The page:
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Question Video: Determining the Products Formed from the Reaction between Sodium Carbonate and Hydrochloric Acid Chemistry

What are the products of the reaction between sodium carbonate and hydrochloric acid?

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Video Transcript

What are the products of the reaction between sodium carbonate and hydrochloric acid?

In this question, we need to identify what products form when sodium carbonate reacts with hydrochloric acid. Let’s begin by describing a generic chemical equation for the reaction of a carbonate compound with an acid. A reaction between a carbonate and an acid generates a salt, carbon dioxide, and water.

The reaction process is very distinctive. The reaction is relatively intense. Carbon dioxide bubbles rapidly begin to form. The salt and water also form a solution. This type of reaction also gives off some heat.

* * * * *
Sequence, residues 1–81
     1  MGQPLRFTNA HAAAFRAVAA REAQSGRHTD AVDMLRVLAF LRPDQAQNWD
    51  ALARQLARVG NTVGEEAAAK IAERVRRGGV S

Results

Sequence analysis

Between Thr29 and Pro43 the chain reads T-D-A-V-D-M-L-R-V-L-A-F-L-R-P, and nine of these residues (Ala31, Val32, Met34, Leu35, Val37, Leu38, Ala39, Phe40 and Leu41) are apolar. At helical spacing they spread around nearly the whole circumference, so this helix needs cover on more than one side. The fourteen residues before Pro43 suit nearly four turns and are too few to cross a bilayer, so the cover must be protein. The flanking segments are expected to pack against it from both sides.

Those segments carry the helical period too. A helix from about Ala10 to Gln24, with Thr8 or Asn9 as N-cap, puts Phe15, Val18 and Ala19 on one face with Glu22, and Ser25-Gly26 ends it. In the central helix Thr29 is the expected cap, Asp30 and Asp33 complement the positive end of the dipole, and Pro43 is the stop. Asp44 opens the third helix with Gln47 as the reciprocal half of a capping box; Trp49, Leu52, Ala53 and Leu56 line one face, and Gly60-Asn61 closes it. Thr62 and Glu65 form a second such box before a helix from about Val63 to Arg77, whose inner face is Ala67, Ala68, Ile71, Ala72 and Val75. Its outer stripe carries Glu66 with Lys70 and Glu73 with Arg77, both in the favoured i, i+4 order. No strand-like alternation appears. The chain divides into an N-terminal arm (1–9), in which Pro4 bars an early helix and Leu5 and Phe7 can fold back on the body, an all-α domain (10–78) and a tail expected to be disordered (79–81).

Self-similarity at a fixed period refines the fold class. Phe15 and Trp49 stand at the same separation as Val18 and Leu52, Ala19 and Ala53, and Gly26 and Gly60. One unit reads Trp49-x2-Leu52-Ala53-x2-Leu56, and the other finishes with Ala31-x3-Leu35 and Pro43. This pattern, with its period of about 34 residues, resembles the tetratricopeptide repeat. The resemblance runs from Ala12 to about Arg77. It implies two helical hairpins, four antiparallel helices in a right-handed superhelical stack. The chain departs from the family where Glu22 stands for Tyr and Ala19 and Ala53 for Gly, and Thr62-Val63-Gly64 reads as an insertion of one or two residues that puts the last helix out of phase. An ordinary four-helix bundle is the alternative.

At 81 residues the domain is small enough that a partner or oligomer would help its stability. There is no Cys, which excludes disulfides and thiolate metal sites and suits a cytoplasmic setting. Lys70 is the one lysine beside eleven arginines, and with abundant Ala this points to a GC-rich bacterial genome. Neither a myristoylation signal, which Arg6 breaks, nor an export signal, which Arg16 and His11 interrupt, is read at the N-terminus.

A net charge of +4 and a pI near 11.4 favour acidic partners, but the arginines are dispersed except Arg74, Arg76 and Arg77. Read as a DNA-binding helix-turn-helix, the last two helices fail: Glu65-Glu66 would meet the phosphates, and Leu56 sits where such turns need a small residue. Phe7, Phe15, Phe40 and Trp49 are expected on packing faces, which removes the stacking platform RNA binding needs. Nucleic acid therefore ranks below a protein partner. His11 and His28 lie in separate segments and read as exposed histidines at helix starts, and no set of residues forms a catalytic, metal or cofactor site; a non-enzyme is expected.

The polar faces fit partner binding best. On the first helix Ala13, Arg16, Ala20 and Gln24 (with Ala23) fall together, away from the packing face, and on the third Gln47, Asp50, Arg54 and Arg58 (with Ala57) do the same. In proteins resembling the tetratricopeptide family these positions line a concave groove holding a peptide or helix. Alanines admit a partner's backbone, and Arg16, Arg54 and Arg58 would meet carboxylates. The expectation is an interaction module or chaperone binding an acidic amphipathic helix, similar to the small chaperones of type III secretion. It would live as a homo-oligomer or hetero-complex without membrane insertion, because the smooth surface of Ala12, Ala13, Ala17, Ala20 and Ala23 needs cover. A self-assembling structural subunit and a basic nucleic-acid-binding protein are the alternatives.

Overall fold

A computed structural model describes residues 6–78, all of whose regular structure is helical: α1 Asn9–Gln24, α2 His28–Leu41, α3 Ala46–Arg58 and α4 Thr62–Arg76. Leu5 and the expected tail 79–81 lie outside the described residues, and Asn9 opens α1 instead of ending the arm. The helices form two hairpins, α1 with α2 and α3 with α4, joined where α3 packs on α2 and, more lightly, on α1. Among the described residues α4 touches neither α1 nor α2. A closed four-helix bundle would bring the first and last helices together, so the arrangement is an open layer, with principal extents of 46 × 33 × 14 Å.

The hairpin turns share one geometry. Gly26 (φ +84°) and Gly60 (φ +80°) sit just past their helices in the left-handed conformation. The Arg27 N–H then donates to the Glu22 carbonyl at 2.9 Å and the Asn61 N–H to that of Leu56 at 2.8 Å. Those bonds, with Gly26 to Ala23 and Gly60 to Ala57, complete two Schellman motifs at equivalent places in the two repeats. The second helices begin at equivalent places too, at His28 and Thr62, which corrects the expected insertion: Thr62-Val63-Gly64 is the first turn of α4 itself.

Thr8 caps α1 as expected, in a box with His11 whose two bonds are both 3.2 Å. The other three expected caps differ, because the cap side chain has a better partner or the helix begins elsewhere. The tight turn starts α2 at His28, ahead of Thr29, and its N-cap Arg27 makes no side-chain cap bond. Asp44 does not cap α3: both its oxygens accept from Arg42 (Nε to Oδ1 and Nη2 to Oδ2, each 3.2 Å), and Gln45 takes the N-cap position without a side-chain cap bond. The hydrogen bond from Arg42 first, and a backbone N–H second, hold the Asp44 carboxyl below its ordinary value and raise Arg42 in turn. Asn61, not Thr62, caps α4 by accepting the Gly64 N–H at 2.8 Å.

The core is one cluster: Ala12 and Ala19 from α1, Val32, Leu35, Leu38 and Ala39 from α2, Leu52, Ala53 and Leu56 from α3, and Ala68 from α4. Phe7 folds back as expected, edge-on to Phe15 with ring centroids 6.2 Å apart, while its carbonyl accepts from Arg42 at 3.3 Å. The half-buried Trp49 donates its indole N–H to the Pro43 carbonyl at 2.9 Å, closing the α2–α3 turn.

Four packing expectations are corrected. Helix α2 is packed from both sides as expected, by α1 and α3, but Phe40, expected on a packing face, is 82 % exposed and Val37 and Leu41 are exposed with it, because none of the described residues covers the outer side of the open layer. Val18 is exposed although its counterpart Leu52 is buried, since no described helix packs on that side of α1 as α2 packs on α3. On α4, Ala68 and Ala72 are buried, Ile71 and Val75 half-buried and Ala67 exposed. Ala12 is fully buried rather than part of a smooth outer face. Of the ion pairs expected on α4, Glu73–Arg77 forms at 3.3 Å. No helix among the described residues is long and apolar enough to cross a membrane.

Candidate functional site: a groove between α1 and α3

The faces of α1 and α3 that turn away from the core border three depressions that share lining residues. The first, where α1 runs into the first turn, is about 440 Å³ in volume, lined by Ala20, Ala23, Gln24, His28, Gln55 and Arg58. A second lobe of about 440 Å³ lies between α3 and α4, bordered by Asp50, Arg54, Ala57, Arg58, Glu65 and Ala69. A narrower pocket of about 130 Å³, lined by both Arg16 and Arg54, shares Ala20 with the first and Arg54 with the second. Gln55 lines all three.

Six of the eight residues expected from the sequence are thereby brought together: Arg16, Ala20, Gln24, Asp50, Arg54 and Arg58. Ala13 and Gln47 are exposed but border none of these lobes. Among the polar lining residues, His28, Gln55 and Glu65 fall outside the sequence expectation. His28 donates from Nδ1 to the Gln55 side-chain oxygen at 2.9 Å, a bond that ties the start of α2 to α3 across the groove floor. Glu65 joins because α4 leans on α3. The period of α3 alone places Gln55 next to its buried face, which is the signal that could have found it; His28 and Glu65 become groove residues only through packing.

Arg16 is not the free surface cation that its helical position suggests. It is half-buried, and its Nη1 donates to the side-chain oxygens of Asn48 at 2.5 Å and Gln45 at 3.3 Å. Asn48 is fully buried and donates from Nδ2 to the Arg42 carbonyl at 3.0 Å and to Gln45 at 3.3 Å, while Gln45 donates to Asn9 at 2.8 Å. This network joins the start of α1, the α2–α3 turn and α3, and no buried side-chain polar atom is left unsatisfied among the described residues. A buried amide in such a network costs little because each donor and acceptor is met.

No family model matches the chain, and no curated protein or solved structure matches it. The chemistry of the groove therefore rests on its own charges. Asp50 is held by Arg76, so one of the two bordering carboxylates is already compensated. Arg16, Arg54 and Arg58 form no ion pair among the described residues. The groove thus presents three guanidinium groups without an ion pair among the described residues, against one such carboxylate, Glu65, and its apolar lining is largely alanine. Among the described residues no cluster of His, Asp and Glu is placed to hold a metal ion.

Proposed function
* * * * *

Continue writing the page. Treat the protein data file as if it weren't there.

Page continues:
Let’s have a look at the products for the reaction between the sodium carbonate compound and hydrochloric acid.

We know that two of the products will be carbon dioxide and water. We now need to find the chemical formula of the salt. Sodium carbonate has the chemical formula Na2CO3. And hydrochloric acid will have the chemical formula HCl. The salt produced will acquire its cation from the carbonate compound and its anion from the acidic compound. So, the salt will contain sodium one plus cations and chloride one minus anions. For the compound to have an overall neutral charge, the chemical formula will be NaCl. As a water-soluble salt, we assign it the state symbol aq for aqueous. The salt produced would be called sodium chloride.

Therefore, the products of the reaction between sodium carbonate and hydrochloric acid are NaCl, CO2, and H2O.

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